Dina M. Taha


Fiqh of minorities is a specific framework/perspective of the general Fiqh that looks with one eye at the objectives and principles of Sharîâ a, and the other eye to consider the reality of Muslim minorities in cases that will, usually, only arise in the situation where Muslims constitute a minority. Fiqh of minority is, arguably, based on the premises that Muslim existence in non-Muslim communities, should promote a civilizational dialogue between the Islamic culture and other cultures. This paper argues that Fiqh of minorities' scholars attempt to provide legal opinions and solutions for Muslim minorities in the West in order for them to fulfill their role as both good Muslims and good citizens, i.e. positive integration as they define it. The paper asks whether the cultural background of the scholarâ Western/non-Westernâ impacts the nature of these solutions. The paper argues that Fiqh of minorities can provide two types of solutions a long-term one, for a permanent Muslim presence in the West, and a Short-termâ exceptionalâ one, for a temporary presence. The first suggests that we are dealing with full citizens and members of the society who happen to be Muslims in religion, while the second assumes that Muslims' natural and ultimate residence is in a Muslim majority country. Both types of solutions are reflected on the nature of the compromise Fiqh of minorities' scholars, who in turn are affected by their own cultural backgrounds, provide to solve â the good Muslim, Good citizen equationâ â i.e. whether they are perceived as â Western Muslims" or â a Muslim minority in the West".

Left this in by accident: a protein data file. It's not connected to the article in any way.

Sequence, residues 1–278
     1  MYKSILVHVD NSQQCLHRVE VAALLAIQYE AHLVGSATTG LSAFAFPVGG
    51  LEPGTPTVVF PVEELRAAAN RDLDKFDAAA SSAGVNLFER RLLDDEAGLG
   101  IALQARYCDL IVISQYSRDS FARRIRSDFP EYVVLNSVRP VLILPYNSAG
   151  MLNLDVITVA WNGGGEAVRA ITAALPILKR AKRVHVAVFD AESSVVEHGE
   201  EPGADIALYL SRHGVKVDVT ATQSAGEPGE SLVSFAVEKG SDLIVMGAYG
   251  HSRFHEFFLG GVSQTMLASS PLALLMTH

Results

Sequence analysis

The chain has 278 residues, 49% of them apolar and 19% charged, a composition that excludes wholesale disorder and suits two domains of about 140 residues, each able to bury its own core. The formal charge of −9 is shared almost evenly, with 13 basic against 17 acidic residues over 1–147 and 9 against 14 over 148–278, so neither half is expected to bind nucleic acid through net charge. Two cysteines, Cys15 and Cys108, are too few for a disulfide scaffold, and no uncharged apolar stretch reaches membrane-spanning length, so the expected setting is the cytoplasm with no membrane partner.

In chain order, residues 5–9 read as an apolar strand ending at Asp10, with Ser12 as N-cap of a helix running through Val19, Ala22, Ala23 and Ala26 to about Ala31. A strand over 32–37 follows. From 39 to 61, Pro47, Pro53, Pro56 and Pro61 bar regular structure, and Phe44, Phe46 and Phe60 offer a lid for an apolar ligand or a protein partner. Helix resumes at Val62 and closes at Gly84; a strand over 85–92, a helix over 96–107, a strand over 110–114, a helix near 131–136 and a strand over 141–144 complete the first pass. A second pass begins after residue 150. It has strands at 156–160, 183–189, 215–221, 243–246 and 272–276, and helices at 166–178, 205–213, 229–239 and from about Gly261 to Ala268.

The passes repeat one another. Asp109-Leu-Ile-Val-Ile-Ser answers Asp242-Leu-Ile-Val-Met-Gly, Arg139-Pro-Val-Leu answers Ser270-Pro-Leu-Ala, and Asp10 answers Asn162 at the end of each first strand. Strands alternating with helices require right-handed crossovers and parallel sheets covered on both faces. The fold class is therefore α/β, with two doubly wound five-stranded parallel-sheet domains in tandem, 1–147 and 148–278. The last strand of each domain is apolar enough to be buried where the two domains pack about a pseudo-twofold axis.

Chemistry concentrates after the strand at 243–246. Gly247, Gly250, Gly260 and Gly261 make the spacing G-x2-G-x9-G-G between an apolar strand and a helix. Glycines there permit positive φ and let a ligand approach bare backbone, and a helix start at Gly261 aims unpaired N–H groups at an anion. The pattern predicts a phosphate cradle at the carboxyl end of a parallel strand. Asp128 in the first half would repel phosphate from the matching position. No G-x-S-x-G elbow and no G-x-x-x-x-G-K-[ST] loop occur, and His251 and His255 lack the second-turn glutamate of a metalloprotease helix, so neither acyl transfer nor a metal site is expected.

Law Department

Degree Name

MA in International Human Rights Law

Graduation Date


Submission Date

May 2012

First Advisor

Parolin, Gianluca



Document Type

Master's Thesis

Library of Congress Subject Heading 1

Muslims -- Europe.

Library of Congress Subject Heading 2

Minorities (Islamic law) -- Western countries.


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Institutional Review Board (IRB) Approval

Not necessary for this item


I would like to thank Professor Gianluca Parolin for his patience and insistence on bringing the best out of this thesis, and the law department at AUC for their continuous cooperation and support till the very last day. I would also like to thank Professors Yusuf al-Qaradâwî and Taha Jabir al-'Alwânî, founders of Fiqh of minorities, for their time, knowledge and guidance. Filly, sincere thanks to my family, old and new, parents, brother and husband for their never ending support, belief, and wide hopes, that leaves me no option but to always strive for the best.